Pneumocystis carinii choroiditis in patients with aids: Clinical features, response to therapy, and outcome

Beverly E. Sha, Constance A. Benson*, Thomas Deutsch, Gary A. Noskin, Robert L. Murphy, John C. Pottage, William G. Finn, Sanford I. Roth, Harold A. Kessler

*Corresponding author for this work

Research output: Contribution to journalArticlepeer-review

17 Scopus citations

Abstract

Summary: To further characterize the clinical features, response to therapy, and outcome of Pneumocystis carinii choroiditis in patients with AIDS, we retrospectively reviewed the course of choroiditis for eight patients identified from two institutions through April 1991. Seven patients had prior Pneumocystis carinii pneumonia and had received aerosolized pentamidine prophylaxis for a median of 10 months; one patient had no prior history of pneumonia or prophylaxis. The median CD4+ lymphocyte count for six patients was 11 cells/mm3. Choroiditis was a preterminal diagnosis for three patients—two with associated disseminated pneumocystosis. Ocular manifestations improved or resolved with therapy for five of the six treated patients. All five subsequently received prophylaxis with dapsone (n = 2), dapsone/trimethoprim (n = 2), or aerosolized pentamidine (n = 1). Choroiditis recurred at 15 months in the one patient receiving aerosolized pentamidine. The median survival from time of diagnosis was 44 weeks. A literature review including an additional 40 cases support the conclusions that (a) Pneumocystis choroiditis is a rare complication of advanced HIV disease, occurring often in the context of systemic pneumocystosis; (b) ocular signs and symptoms may improve or resolve with specific antipneumocystis therapy; and (c) relapse may occur, particularly in those not receiving systemic prophylaxis.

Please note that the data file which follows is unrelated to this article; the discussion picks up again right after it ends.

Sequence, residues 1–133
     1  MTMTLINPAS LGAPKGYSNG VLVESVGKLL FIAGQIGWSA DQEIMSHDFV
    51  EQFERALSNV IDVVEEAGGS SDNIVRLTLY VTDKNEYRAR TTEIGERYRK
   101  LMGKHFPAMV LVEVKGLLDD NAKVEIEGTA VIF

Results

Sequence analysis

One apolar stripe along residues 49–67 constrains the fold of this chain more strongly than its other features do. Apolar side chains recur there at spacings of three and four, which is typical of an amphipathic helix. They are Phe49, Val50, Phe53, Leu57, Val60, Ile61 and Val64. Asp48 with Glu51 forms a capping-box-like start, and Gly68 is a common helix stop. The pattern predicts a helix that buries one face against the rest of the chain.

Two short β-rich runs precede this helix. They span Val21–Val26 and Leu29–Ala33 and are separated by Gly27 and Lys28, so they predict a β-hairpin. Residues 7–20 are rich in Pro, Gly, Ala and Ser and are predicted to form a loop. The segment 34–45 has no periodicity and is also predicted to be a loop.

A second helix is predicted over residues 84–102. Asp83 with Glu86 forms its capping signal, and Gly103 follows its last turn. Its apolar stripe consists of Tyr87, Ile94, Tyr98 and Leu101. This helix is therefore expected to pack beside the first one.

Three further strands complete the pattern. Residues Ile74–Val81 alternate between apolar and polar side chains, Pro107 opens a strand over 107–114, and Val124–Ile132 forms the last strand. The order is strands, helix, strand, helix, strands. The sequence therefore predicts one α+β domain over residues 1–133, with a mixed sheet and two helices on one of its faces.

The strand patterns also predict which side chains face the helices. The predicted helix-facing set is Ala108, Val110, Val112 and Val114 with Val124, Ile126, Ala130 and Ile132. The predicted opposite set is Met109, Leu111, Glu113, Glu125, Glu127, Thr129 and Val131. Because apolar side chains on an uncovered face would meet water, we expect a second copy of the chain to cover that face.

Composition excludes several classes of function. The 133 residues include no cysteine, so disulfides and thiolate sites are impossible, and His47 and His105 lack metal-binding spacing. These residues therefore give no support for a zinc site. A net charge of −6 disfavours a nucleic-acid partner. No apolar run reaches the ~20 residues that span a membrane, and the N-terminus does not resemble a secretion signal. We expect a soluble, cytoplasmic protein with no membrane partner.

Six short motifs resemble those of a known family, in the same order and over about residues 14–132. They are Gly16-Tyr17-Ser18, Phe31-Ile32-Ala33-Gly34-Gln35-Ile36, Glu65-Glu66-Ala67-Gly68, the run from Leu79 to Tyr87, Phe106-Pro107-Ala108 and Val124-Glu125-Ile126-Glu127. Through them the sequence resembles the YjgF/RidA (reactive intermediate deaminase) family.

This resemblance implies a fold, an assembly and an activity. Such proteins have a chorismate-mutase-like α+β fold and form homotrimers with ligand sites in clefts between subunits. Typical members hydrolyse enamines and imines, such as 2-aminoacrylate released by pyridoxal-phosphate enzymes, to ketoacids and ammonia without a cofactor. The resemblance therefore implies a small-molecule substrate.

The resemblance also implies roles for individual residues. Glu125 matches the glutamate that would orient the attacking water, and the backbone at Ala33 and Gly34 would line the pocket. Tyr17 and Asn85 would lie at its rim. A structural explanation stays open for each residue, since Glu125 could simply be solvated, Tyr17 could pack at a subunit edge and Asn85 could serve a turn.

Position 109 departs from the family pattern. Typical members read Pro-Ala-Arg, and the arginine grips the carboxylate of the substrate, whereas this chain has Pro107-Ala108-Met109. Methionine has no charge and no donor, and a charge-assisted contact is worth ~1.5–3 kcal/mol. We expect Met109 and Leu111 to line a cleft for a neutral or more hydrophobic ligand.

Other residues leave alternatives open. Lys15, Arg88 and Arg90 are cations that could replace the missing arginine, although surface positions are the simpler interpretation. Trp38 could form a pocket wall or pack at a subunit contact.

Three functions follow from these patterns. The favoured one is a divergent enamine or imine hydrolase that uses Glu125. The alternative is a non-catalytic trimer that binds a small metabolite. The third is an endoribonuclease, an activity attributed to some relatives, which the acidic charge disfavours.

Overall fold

Original languageEnglish (US)
Pages (from-to)1051-1058
Number of pages8
JournalJournal of Acquired Immune Deficiency Syndromes
Volume5
Issue number10
StatePublished - Oct 1992

Keywords

  • Pneumocystis carinii choroiditis

ASJC Scopus subject areas

  • Infectious Diseases
  • Pharmacology (medical)

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